Wednesday, 30 June 2010

Prices and profiteering in the food sector

Michael Taft: There will be many attempts to explain the high costs of food and beverages in Ireland – a state of affairs that is hardly new. Everyone throughout the food supply chain, from the farm-gate to the retail shelf, will be blamed and will seek to lay the blame somewhere else. I’d like to highlight one aspect – profit levels in the food and beverage manufacturing sector. This is not the full explanation for high food and beverage costs; but any explanation that doesn’t factor in our extra-ordinary profit levels will be unsatisfactory.

There are three databases that refer to profit levels (or ‘gross operating surplus’ or ‘capital compensation’).

First, is the Eurostat dataset that measures gross operating surplus as percentage of turnover; in other words – how much turnover is taken as profit. The latest year we have data for this measurement is 2003. After that, Irish data is not disclosed on the grounds of ‘confidentiality’. But in that year, Irish profit levels headed the table by a long ways. Nearly a quarter of turnover was taken as profit. With the exception of the UK, profits made up less than 10 percent of turnover in other EU countries for which we have data.

The second measurement is contained in Eurostat’s European Business statistical book 2007. While this contains the same numbers as the Eurostat dataset, it provides nominal turnover and gross operating surplus numbers. From this, we can assess what would happen if Irish companies took the same amount of profit as other countries and reduced their prices accordingly.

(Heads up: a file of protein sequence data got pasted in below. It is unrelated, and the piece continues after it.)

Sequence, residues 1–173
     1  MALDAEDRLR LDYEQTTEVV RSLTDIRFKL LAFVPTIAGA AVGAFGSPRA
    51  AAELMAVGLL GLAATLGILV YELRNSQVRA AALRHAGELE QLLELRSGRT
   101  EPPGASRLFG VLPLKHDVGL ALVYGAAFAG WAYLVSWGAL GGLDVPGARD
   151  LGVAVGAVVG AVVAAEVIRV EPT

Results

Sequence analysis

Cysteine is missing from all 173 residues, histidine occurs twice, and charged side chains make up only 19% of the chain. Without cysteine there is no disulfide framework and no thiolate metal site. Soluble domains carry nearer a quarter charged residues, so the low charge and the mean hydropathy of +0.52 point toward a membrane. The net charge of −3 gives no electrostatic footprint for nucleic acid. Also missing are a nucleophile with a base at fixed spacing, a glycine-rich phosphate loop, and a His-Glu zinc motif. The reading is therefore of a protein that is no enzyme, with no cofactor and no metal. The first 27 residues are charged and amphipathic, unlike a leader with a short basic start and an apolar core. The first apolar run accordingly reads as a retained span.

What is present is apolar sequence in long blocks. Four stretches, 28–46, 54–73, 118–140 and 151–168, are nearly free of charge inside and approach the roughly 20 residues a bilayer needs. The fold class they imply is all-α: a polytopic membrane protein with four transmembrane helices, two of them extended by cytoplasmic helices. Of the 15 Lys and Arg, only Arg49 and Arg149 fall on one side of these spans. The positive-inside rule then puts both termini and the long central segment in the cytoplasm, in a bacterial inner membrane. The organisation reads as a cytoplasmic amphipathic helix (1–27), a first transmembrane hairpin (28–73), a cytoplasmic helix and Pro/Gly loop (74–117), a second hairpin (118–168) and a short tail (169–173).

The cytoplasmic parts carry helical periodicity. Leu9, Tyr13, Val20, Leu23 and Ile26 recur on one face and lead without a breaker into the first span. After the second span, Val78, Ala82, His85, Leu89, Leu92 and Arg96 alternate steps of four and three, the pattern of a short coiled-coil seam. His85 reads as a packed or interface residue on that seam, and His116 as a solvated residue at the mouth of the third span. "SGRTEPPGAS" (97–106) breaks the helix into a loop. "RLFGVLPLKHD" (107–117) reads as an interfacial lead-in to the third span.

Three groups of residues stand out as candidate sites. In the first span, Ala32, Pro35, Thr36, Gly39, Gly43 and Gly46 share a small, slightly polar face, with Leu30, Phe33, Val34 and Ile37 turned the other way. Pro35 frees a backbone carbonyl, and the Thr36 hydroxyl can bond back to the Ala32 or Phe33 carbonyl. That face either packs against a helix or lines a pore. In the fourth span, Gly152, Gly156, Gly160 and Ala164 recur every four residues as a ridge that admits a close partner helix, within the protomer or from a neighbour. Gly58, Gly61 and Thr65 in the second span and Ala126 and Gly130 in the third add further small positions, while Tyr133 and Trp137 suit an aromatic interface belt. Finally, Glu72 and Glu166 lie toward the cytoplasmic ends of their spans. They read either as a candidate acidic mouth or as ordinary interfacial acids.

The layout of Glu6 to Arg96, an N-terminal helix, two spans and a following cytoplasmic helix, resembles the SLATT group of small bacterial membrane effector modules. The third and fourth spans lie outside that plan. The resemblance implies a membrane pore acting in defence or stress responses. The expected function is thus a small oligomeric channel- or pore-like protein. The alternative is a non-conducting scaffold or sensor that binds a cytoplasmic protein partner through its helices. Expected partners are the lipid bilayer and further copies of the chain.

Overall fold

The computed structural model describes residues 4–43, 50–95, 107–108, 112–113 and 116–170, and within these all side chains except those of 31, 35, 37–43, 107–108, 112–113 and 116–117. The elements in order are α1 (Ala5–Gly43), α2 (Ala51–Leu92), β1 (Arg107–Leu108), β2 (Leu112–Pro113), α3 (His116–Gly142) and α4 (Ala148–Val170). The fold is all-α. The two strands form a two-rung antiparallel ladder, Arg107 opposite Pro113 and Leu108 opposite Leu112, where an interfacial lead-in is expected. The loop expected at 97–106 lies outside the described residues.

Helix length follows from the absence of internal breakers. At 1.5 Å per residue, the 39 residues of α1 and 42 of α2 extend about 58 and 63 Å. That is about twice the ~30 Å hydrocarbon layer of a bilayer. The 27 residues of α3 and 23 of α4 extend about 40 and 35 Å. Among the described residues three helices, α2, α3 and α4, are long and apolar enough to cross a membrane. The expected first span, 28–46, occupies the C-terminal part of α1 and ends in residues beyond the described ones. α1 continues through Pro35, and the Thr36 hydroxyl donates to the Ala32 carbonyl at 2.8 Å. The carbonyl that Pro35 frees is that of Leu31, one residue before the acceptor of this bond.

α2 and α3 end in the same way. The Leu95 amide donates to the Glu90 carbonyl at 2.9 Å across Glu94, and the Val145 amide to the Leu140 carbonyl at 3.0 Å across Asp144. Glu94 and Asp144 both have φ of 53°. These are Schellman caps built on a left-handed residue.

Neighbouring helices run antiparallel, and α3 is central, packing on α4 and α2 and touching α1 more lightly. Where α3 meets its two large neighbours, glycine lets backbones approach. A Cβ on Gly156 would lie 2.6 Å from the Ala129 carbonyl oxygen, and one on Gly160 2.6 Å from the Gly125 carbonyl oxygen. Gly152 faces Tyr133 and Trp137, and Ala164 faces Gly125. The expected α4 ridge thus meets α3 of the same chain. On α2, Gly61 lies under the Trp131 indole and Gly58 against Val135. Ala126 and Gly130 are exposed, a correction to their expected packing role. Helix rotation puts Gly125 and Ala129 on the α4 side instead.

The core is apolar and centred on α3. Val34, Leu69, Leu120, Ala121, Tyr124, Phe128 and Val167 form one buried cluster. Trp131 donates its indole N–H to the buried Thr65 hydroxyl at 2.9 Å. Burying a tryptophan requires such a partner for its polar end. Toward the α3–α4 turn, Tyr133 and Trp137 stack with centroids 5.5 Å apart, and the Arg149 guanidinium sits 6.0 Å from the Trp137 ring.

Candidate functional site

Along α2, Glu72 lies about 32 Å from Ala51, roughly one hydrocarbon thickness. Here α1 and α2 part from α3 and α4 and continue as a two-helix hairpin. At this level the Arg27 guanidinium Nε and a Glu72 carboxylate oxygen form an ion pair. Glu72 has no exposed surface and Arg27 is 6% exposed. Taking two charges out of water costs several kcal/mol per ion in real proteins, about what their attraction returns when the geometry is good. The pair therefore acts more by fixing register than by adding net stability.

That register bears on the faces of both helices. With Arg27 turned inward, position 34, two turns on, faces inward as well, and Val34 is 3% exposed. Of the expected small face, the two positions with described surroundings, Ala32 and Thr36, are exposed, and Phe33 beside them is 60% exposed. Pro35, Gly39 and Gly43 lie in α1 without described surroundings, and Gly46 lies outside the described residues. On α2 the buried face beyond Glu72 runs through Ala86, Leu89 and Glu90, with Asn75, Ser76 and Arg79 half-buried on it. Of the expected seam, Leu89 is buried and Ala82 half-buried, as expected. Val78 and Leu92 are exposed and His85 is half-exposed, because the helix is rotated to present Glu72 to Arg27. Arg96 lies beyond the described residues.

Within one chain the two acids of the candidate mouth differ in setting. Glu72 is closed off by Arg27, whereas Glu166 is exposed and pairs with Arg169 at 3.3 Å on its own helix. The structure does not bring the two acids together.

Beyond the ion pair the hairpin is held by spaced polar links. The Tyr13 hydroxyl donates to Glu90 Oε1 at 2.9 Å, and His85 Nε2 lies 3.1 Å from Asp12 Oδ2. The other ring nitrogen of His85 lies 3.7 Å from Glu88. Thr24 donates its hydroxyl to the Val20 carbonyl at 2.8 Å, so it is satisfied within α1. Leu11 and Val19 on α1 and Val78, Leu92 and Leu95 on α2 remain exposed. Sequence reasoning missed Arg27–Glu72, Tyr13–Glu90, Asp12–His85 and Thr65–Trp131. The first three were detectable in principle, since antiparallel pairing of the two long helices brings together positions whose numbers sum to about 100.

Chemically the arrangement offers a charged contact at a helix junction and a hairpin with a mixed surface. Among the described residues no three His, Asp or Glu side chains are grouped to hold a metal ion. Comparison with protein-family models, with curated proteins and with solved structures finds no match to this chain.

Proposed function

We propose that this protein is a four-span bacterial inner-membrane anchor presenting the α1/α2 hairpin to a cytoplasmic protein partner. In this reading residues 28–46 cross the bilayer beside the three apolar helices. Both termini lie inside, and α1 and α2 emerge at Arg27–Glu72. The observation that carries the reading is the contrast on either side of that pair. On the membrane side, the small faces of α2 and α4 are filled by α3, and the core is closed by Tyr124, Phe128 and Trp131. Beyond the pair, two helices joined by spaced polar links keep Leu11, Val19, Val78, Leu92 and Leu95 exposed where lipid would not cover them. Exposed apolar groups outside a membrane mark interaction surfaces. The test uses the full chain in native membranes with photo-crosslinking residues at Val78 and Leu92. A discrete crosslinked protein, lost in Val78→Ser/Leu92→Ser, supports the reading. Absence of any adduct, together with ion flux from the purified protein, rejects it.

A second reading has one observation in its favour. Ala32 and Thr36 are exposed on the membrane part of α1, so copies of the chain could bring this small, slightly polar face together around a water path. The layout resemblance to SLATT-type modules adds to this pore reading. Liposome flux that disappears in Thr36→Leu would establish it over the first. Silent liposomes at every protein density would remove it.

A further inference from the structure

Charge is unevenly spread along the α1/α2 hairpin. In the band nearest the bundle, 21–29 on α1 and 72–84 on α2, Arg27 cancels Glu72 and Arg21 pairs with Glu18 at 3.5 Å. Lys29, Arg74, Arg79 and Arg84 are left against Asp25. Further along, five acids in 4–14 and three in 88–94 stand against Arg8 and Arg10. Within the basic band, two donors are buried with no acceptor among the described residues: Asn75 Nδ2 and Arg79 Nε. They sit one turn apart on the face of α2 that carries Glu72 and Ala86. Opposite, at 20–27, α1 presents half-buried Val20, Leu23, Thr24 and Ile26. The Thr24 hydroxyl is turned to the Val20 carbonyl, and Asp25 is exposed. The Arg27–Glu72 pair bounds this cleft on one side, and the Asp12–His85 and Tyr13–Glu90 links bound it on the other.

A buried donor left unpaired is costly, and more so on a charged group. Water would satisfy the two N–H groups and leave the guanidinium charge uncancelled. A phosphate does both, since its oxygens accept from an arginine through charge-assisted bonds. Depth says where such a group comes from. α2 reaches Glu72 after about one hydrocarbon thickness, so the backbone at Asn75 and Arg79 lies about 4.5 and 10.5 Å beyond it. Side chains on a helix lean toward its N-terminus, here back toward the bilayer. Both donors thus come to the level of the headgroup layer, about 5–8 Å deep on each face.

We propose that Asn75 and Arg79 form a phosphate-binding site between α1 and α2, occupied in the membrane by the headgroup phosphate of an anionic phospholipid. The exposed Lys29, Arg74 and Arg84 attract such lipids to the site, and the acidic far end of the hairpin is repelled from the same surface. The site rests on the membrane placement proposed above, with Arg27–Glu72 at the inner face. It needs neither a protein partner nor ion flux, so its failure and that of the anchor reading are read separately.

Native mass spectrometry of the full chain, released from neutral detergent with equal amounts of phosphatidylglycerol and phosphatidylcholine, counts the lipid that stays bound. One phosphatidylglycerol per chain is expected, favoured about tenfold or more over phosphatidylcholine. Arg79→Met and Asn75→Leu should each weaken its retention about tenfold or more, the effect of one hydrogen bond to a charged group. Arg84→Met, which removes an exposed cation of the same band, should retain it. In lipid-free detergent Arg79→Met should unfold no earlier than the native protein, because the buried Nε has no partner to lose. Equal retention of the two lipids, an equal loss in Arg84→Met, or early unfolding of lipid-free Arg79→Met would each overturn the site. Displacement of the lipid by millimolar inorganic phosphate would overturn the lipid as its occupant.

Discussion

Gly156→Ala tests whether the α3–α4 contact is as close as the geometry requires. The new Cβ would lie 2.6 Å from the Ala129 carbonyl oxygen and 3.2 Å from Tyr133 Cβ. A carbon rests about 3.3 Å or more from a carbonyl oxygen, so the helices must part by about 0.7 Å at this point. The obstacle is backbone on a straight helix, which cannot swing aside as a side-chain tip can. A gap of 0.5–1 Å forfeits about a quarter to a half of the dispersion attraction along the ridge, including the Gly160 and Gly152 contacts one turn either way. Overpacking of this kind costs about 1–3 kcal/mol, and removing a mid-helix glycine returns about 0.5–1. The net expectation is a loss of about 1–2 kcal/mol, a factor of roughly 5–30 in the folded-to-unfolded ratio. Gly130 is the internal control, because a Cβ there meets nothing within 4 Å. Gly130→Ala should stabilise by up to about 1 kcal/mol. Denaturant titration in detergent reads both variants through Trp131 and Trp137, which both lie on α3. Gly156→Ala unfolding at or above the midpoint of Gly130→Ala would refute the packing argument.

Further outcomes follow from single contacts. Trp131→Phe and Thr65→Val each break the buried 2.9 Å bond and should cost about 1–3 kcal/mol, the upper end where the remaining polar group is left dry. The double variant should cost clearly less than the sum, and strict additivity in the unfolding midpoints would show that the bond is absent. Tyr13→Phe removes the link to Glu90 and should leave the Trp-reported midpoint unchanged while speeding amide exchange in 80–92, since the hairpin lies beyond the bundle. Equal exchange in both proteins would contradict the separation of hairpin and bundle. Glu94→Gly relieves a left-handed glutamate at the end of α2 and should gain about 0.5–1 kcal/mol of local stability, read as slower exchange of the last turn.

• If Irish companies took the same amount of profit as UK companies, food and beverage prices could be reduced by 10 percent.

• If Irish companies took the same amount of profit as other non-UK EU-15 countries, food and beverage costs could be reduced by between 14 percent and 17 percent.

The third measurement comes from the EU Klems database. This has the advantage of having more current numbers – from 2007 with the ability to measure profits per employee hour worked in the Food & Beverage sector. This shows an even more dramatic gap between Ireland and the Eurozone.

Ireland is well ahead of the game, making well over four times the Eurozone average. If the profit take in Ireland were at Eurozone levels, prices could be reduced by 16 percent.

In all these measurements, however, there is a problem – the statistical distortions created by the accounting activities of multi-nationals which, through transfer-pricing, use Ireland as a tax-laundering stop-over. It is difficult, though not impossible, to assess the extent of these distortions. In the Food sector, such activities would be less than in the manufacturing sector at large. Indigenous companies make up nearly half of all turnover in this sector (as opposed to 21 percent for all industries). However, in the Food sector anyway, it is difficult to see profit levels returning to European averages even taking into account multi-national accounting activities, though I will try to follow this up in a subsequent post.

The only organisation that has considered this issue in any depth is UNITE the Union, with its publication, ‘The Truth About Irish Profits’. It took a similar approach – using European data – to assess the contribution of high profits to high prices.

This is only the manufacturing sector. A broader analysis of profit levels would have to be conducted in all elements of the food supply chain – wholesale, retail, input costs, etc. But it is clear that high, potentially inexplicably high, profit levels may be contributing to high costs.

PS: For the real devaluationists among you, labour costs can’t be blamed for high costs. Irish labour costs per hour in the Food & Beverage sector were in 2007, according to the EU Klems, 9 percent below the EU-15 average and 21 percent below our peer group (non-Mediterranean countries).